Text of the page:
Geologic history of Martian regolith breccia Northwest Africa 7034: Evidence for hydrothermal activity and lithologic diversity in the Martian crust
The timing and mode of deposition for Martian regolith breccia Northwest Africa (NWA) 7034 were determined by combining petrography, shape analysis, and thermochronology. NWA 7034 is composed of igneous, impact, and brecciated clasts within a thermally annealed submicron matrix of pulverized crustal rocks and devitrified impact/volcanic glass. The brecciated clasts are likely lithified portions of Martian regolith with some evidence of past hydrothermal activity. Represented lithologies are primarily ancient crustal materials with crystallization ages as old as 4.4 Ga. One ancient zircon was hosted by an alkali-rich basalt clast, confirming that alkalic volcanism occurred on Mars very early. NWA 7034 is composed of fragmented particles that do not exhibit evidence of having undergone bed load transport by wind or water. The clast size distribution is similar to terrestrial pyroclastic deposits. We infer that the clasts were deposited by atmospheric rainout subsequent to a pyroclastic eruption(s) and/or impact event(s), although the ancient ages of igneous components favor mobilization by impact(s). Despite ancient components, the breccia has undergone a single pervasive thermal event at 500–800°C, evident by groundmass texture and concordance of ~1.5 Ga dates for bulk rock K-Ar, U-Pb in apatite, and U-Pb in metamict zircons. The 1.5 Ga age is likely a thermal event that coincides with rainout/breccia lithification. We infer that the episodic process of regolith lithification dominated sedimentary processes during the Amazonian Epoch. The absence of pre-Amazonian high-temperature metamorphic events recorded in ancient zircons indicates source domains of static southern highland crust punctuated by episodic impact modification.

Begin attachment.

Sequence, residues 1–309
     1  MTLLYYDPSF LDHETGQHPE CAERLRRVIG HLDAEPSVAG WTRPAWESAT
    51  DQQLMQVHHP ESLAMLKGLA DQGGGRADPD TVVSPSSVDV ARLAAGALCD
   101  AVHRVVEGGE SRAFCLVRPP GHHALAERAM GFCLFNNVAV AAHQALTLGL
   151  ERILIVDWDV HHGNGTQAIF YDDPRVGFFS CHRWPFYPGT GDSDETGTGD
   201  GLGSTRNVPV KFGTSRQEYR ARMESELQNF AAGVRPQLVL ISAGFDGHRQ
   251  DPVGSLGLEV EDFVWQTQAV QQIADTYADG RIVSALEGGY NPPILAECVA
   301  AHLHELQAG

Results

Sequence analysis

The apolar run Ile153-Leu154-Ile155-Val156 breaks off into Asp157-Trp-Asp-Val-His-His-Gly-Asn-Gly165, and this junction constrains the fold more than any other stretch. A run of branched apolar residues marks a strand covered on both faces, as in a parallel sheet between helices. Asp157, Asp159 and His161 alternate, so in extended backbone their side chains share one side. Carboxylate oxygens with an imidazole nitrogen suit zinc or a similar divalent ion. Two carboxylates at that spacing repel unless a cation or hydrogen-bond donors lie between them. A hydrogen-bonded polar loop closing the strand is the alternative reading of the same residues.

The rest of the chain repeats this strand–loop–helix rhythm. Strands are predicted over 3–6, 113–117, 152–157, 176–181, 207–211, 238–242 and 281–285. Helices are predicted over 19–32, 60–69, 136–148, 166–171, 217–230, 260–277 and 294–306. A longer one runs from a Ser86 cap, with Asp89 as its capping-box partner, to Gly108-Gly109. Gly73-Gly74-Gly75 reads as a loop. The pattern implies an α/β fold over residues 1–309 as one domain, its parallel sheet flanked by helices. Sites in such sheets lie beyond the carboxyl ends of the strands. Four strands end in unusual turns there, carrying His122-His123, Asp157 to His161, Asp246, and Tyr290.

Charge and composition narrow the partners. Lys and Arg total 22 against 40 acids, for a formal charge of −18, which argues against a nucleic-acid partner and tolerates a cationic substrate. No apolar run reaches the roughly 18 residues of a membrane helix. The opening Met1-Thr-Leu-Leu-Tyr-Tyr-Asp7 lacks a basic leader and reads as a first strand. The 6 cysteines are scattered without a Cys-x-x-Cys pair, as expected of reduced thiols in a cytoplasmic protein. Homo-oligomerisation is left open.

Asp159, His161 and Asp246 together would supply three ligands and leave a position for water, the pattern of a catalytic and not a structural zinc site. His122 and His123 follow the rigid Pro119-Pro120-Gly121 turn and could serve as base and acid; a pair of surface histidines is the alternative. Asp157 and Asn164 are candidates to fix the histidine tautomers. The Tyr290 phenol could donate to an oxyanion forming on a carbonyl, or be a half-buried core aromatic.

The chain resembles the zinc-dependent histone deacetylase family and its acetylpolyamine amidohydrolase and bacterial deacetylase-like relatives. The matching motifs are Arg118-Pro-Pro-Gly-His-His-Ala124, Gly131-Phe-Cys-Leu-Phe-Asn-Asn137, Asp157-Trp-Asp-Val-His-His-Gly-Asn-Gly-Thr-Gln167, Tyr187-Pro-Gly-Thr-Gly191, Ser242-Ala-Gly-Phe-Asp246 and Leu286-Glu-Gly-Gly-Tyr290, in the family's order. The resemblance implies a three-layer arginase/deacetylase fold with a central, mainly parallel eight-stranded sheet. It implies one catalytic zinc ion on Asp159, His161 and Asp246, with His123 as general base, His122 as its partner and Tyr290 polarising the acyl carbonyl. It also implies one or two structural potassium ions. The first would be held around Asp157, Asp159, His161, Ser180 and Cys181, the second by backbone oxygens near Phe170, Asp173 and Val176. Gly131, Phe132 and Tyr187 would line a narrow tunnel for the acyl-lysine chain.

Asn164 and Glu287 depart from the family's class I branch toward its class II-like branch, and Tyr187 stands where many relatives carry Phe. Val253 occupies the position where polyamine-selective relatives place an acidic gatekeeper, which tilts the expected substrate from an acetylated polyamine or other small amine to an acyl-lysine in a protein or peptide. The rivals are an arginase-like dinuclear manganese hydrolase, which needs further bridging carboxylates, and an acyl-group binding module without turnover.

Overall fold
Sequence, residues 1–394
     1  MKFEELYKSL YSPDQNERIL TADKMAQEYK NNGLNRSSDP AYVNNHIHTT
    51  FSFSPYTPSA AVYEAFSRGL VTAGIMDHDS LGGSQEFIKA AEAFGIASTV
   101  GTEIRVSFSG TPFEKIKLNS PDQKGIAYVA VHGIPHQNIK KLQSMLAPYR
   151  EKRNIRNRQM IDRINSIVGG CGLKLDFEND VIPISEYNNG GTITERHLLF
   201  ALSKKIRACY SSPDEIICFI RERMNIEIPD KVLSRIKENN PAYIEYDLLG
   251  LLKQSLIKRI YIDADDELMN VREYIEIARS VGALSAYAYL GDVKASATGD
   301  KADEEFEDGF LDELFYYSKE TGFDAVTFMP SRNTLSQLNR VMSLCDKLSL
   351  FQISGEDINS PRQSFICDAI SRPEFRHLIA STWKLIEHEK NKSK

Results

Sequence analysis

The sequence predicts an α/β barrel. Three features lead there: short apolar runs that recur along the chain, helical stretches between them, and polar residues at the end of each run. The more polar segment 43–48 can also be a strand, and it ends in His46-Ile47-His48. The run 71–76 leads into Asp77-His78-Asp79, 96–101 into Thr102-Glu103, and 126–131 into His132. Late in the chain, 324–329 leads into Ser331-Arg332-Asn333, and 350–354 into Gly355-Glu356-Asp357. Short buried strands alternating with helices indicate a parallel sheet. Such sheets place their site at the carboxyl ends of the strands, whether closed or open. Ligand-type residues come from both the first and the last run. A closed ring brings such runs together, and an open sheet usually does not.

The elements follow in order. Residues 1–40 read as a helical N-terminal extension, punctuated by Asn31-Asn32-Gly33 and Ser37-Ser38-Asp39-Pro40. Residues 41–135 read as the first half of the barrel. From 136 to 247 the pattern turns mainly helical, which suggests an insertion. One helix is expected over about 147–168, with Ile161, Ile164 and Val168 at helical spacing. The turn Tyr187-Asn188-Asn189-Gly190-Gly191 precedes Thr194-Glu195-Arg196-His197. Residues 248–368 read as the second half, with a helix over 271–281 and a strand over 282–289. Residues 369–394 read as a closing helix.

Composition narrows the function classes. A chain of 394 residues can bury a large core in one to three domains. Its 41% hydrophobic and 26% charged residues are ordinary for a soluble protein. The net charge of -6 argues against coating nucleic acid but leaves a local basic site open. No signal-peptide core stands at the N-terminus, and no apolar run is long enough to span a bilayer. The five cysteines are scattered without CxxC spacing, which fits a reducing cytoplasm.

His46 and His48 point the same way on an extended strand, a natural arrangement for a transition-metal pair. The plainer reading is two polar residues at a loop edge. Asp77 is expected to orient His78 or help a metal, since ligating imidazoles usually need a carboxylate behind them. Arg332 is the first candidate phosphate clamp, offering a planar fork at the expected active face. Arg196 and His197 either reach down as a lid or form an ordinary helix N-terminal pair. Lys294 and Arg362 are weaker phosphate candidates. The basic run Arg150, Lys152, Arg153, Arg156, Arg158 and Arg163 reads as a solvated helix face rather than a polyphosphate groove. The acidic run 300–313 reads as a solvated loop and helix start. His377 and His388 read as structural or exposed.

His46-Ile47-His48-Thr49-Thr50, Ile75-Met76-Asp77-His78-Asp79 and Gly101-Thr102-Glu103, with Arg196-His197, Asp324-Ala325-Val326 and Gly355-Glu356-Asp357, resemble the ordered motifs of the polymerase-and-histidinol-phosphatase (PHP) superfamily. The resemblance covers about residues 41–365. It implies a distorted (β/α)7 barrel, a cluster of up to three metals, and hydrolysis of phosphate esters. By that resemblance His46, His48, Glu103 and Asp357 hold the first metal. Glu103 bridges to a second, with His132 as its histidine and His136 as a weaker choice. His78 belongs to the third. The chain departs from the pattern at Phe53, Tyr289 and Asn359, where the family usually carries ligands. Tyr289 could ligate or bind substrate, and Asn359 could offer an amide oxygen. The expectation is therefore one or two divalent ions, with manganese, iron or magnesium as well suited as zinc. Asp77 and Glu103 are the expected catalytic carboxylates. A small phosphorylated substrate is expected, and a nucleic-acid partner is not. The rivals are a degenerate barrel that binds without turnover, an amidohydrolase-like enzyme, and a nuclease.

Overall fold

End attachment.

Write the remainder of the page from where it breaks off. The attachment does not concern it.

Additional publication details
|Publication Subtype||Journal Article|
|Title||Geologic history of Martian regolith breccia Northwest Africa 7034: Evidence for hydrothermal activity and lithologic diversity in the Martian crust|
|Series title||Journal of Geophysical Research E: Planets|
|Publisher||American Geophysical Union|
|Contributing office(s)||Volcano Science Center|